01 February 2016

The Courage to Act

Ben Bernanke
2015, W.W. Norton & Co, 624 pages,
ISBN 9780393247213

Reviewer: Ian Harwood, Independent Consultant

Successive Federal Reserve Chairs have each, during the course of their respective tenures, been confronted with very considerable challenges. Arguably, though, the eight years Ben Bernanke spent at the helm from 2006 to 2014 saw the greatest challenge of the post-war years: preventing the implosion of the pre-2007 US bubble economy producing a 1930s-style global economic and financial meltdown; and, subsequently, deploying a series of ‘unconventional’ monetary measures in the endeavour of nursing a shell-shocked US economy back to health.

At present, of course, the jury is necessarily still out on how successful the prolonged zero rate regime and successive instalments of quantitative easing have been in laying the basis for a continuing healthy expansion, insofar as the Fed, led by Bernanke’s successor Janet Yellen, is only just beginning the process of monetary ‘normalisation’. So far, however, the US economy has experienced a sustained upswing from its mid-2009 cyclical low point and the labour market has progressively improved. Furthermore, the highly vocal inflationista critics of the adoption of ‘unconventional monetary policies have been proven wholly wrong.Bernanke had a ‘good’ crisis in 2007-09, insofar as he playing a pivotal and pro-active role in heading off a global banking crisis. Acutely aware of how the Fed had allowed the US banking system to collapse in the early 1930s, he was determined to ensure there was no repetition of this classic policy mistake. He was also painfully aware of the extent to which Japanese policy makers’ reluctance to properly mend a dysfunctional banking system had contributed to Japan’s ‘lost decade’. Hence, Bernanke was instrumental, in conjunction with Timothy Geithner, his Treasury counterpart, in ensuring that the US banking system was effectively re-capitalised in early 2009 and credible stress tests put in place.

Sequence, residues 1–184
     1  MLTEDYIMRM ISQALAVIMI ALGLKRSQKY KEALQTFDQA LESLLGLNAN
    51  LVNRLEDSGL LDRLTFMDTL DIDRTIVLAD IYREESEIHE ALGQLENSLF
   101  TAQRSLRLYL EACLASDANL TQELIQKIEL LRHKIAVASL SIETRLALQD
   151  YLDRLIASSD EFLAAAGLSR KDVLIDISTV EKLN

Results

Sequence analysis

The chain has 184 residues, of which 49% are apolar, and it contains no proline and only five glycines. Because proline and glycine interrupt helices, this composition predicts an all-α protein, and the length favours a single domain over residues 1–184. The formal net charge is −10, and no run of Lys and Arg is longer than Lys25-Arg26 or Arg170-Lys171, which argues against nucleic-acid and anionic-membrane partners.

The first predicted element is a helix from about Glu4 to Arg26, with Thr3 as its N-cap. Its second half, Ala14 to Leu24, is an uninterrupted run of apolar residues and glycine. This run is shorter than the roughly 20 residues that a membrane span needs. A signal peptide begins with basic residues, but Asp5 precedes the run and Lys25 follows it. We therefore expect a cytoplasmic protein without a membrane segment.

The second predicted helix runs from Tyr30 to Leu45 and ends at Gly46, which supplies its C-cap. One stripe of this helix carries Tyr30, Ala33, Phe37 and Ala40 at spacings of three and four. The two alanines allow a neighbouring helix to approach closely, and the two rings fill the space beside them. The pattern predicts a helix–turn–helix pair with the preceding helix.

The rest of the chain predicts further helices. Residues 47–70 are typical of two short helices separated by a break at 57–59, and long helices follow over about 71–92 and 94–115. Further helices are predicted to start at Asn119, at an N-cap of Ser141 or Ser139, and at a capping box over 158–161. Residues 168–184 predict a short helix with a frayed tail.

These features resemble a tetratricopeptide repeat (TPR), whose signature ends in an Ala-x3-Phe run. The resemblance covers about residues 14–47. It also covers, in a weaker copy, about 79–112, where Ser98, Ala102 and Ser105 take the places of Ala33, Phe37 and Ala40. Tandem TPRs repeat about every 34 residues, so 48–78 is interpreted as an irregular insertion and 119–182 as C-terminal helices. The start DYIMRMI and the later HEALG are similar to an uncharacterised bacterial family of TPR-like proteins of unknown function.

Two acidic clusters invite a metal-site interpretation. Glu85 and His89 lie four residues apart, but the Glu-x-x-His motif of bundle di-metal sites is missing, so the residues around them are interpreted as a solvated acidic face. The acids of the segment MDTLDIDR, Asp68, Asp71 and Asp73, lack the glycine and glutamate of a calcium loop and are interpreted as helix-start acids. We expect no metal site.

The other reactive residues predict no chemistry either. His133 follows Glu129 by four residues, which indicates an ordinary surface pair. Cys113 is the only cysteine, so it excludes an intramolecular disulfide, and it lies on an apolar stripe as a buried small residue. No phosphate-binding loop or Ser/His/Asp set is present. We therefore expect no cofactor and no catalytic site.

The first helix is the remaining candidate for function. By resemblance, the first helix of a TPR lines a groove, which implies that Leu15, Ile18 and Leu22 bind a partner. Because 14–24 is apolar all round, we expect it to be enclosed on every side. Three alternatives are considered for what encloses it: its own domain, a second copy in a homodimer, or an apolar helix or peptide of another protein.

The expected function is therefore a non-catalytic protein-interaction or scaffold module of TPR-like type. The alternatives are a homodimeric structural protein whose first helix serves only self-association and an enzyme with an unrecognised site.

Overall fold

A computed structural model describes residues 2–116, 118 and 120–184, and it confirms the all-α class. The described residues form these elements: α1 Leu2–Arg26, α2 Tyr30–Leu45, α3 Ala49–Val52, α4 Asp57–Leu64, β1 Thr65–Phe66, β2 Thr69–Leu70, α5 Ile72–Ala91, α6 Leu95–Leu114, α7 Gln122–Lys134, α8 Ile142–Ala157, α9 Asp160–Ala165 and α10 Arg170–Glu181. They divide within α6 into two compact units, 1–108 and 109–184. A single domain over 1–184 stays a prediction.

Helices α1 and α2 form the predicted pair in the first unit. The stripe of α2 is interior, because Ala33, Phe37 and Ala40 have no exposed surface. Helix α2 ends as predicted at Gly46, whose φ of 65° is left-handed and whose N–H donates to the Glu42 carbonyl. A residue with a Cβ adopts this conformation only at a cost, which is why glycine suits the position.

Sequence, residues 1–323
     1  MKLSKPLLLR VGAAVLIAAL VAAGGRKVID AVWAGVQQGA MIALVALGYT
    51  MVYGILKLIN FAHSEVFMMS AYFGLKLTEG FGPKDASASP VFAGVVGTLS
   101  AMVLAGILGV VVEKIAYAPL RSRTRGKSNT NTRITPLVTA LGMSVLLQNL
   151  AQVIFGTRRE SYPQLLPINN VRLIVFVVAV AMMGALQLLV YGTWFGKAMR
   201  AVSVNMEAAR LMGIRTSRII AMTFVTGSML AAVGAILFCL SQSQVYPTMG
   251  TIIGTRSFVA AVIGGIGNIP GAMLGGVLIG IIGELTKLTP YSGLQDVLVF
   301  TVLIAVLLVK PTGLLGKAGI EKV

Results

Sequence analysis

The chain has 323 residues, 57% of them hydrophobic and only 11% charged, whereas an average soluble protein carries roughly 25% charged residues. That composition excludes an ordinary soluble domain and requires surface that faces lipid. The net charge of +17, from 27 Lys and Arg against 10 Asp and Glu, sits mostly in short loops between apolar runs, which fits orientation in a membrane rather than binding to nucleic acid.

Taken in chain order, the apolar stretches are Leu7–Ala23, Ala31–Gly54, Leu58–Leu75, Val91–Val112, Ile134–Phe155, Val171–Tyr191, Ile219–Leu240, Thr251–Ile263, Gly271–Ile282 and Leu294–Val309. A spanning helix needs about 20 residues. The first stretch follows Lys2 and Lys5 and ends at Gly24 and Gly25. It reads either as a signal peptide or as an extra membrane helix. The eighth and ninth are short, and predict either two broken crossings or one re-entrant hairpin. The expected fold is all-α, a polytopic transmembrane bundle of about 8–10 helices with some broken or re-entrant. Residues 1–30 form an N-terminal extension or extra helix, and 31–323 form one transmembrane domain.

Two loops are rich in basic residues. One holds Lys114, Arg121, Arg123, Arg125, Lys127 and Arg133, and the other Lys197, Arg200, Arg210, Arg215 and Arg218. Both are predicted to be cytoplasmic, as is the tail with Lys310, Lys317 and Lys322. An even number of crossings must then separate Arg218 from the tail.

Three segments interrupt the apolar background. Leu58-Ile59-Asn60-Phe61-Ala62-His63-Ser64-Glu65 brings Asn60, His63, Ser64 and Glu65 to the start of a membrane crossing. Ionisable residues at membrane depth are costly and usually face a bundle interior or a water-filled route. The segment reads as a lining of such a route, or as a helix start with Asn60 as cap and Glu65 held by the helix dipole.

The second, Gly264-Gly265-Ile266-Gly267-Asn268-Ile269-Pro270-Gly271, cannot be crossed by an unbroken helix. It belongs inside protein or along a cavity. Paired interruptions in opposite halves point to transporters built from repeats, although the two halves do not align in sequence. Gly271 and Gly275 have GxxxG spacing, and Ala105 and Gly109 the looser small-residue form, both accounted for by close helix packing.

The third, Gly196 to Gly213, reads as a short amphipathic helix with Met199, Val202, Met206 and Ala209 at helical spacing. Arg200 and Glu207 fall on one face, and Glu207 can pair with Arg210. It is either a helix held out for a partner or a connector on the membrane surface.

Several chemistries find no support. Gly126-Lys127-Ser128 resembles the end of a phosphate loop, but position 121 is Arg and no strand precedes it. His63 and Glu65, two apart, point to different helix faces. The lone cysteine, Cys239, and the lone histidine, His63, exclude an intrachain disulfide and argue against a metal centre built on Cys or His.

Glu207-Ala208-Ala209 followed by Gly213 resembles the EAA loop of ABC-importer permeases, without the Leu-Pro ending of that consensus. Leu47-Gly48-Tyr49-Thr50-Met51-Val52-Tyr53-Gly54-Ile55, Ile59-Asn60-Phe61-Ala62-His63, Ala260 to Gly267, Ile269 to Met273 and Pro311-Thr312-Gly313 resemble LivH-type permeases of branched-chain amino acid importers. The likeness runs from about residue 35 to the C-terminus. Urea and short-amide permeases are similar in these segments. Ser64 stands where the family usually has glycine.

Bernanke’s autobiography, The Courage to Act, devotes many of its pages to the tumultuous 2007/09 period, when the viability of the US economic system was most fatally threatened. And the subsequent recovery years are also extensively chronicled. Especially interesting and insightful, though, is Bernanke’s account of his formative years prior to succeeding Alan Greenspan as head of the Fed in January 2006 – both as an academic economist specialising in monetary analysis and history; and, subsequently, as a Fed Governor from 2002 onwards.

Greenspan, of course, seemed at the time a hard act to follow. Journalist Bob Woodward’s Maestro appellation had stuck and 2005 Jackson Hole conference saw Greenspan accorded the extra-ordinary accolade of, “Probably the world’s greatest ever central banker.” And subsequent developments – as Bernanke had increasingly to confront the excesses and imbalances created by the US housing market boom – caused his succession increasingly to resemble a hospital pass. Come the crunch of the banking crisis, however, and Bernanke excelled, marshalling his colleagues within the Fed to do whatever it took to prevent global meltdown while working in joined-up fashion with the White House and Treasury and securing the (reluctantly-given) support of Congress.

The Courage to Act is a well-written and highly readable book and can be recommended unreservedly. In particular, the narrative offers a wealth of useful insights into US monetary policy making as it evolved in response to a fast-developing systemic financial crisis – resulting eventually in the ‘crossing the Rubicon’ adoption of “unconventional” measures which had already been presciently outlined by Bernanke, when a fledgling Fed Governor, in his classic Deflation: Making Sure “It” Doesn’t Happen Here speech of November 2002 (which of course earned him the (unenviable) moniker of Helicopter Ben). As such, Bernanke’s book is an immensely useful addition to the rapidly expanding genre of post-crisis macro-economic literature relating, as it does, the personal story of one of the absolutely central players.